Thankful that Chi Running and Chi Walking have taught me pain-free body movement

Posted by Elizabeth Frost on Sun Nov 29th, 2009, 3 comments

We went to see a show last night at a a local venue, and I had several moments of gratefulness for Chi Running and Chi Walking and what they have taught me about learning to listen to my body:

  1. The band last night consisted of a banjo player, a bassist, a guitarist, and a drummer. Once during each song, I would concentrate on trying to hear each instrument individually, singling it out from the other instruments playing at the same moment: for someone who has no musical talent, it’s a slightly difficult exercise.

    I realized as I was doing this exercise, that it’s very much like doing a Body Scan and listening to my body as I am walking or running: taking a moment to do a Scan, sense any tightness, recognizing it and letting it go.

    I am extraordinarily grateful for the knowledge of Body Scanning: every time something in my body needs attention when I am running or walking (or standing or sitting or washing dishes), I now have the skills to listen, to respond and to learn.

  2. The venue where we saw music last night has very few seats. As a result, like most musical venues, we stood for the entire show, about 4 hours.

    Partway through the show, I realized that my back didn’t hurt at all, that my knees were soft, my core engaged and my feet felt perfectly normal. I can distinctly remember in years past, going to see shows, or walking through cities, or going to a museum and feeling absolutely wiped out after only a few hours.

    Thanks to Chi Running and Chi Walking, I have learned to pay attention to my body all the time and am always prepared to listen and respond in order to keep my body happy, moving painlessly and without injury.

Over Thanksgiving, I have spent time on my feet in the kitchen, at parties, shopping, talking to friends. I have spend a lot of time walking as well, talking strolls with Oliver and Ivan. I can say that the entire holiday has been spent blissfully, listening to my body, learning what it needed, and responding with an appropriate Form Focus right in the moment.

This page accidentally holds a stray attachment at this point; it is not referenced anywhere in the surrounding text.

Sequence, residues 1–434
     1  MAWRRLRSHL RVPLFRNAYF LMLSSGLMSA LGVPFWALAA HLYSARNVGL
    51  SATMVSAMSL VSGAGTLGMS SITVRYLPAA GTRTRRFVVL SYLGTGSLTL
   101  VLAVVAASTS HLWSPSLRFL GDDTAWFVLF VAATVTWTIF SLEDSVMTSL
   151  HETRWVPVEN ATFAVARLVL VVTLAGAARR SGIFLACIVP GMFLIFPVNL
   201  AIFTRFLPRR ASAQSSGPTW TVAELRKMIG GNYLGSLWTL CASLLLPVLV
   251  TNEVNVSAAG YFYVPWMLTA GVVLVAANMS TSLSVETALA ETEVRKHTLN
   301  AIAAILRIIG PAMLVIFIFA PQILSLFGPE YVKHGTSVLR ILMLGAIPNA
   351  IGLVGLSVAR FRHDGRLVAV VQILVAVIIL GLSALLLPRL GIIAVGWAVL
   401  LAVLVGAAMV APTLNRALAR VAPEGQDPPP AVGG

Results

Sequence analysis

What a gift! There are many of you who know what I am talking about. There are some of you who are learning… Just imagine how many people out there have yet to learn about the gift of pain-free movement!

 

Tags

  • core engaged,
  • body scan,
  • focuses

3 CommentsLeave a comment below

I am enjoying reading your blog. I am having a problem determining where the midsole is or where I should be landing. Should I be aiming for the outer aspect of the mid foot? Thank you!

Hi Colleen,

Thanks for your note. The midsole is the fleshiest part of your foot, between the ball of your foot, headed back toward your heel, about to the front of your heel. When you land on your foot, you want to land as “neutral” as possible, which means not favoring the outside or the inside of your foot. Just land flat.

You can also imagine that you have 4 posts on the bottom of your feet: 2 at the front of your midsole, on either side of your foot, and 2 and that back of your midsold, on either side of your foot. When you stand, imagine these posts at the bottom of your feet and provide equal weight on each section. Then, when you begin to run, imagine those posts are still there and land so that each of the 4 posts “hits” the ground at the same time and with equal force. With an appropriate lean and ankle lift, this is easily accomplished.

Does this make sense? I am going to draw up a graphic right now and see if I can upload it.

Okay, so here is a BASIC graphic of where the spots are on the bottom of your feet where you want to land.

Foot Diagram

Depending on how high your arch is, these won’t be perfectly placed, but you get the idea. If you have a very high arch, your foot will land more on the ouside of your foot, but with a light foot strike, the pressure won’t be enormous on your feet, especially if you try to visualize that all 4 posts are touching the ground, even if it’s not 100% accurate.

Everyone, please let me know if this makes sense.

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A Chi Running Love Letter

About three weeks ago I had a very strong memory of what it felt like to run when I was 7. The freedom, the exhilaration, the laughter. What happened in the intervening 41 years? 

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